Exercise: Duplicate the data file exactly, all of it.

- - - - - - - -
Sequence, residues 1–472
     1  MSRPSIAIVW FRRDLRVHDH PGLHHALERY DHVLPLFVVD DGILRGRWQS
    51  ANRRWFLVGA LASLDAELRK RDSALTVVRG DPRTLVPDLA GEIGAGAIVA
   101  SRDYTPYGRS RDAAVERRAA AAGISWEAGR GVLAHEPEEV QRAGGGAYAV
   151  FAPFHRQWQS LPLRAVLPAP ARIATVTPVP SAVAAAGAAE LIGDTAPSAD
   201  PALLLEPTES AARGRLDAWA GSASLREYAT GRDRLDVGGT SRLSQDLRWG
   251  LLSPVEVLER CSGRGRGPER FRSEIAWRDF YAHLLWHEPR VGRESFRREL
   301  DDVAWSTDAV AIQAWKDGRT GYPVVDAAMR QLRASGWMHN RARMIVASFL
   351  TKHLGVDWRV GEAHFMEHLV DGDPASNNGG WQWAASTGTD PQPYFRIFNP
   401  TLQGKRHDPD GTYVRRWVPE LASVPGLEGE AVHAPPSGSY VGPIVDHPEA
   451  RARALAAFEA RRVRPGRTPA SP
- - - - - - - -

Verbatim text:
Sequence, residues 1–472
     1  MSRPSIAIVW FRRDLRVHDH PGLHHALERY DHVLPLFVVD DGILRGRWQS
    51  ANRRWFLVGA LASLDAELRK RDSALTVVRG DPRTLVPDLA GEIGAGAIVA
   101  SRDYTPYGRS RDAAVERRAA AAGISWEAGR GVLAHEPEEV QRAGGGAYAV
   151  FAPFHRQWQS LPLRAVLPAP ARIATVTPVP SAVAAAGAAE LIGDTAPSAD
   201  PALLLEPTES AARGRLDAWA GSASLREYAT GRDRLDVGGT SRLSQDLRWG
   251  LLSPVEVLER CSGRGRGPER FRSEIAWRDF YAHLLWHEPR VGRESFRREL
   301  DDVAWSTDAV AIQAWKDGRT GYPVVDAAMR QLRASGWMHN RARMIVASFL
   351  TKHLGVDWRV GEAHFMEHLV DGDPASNNGG WQWAASTGTD PQPYFRIFNP
   401  TLQGKRHDPD GTYVRRWVPE LASVPGLEGE AVHAPPSGSY VGPIVDHPEA
   451  RARALAAFEA RRVRPGRTPA SP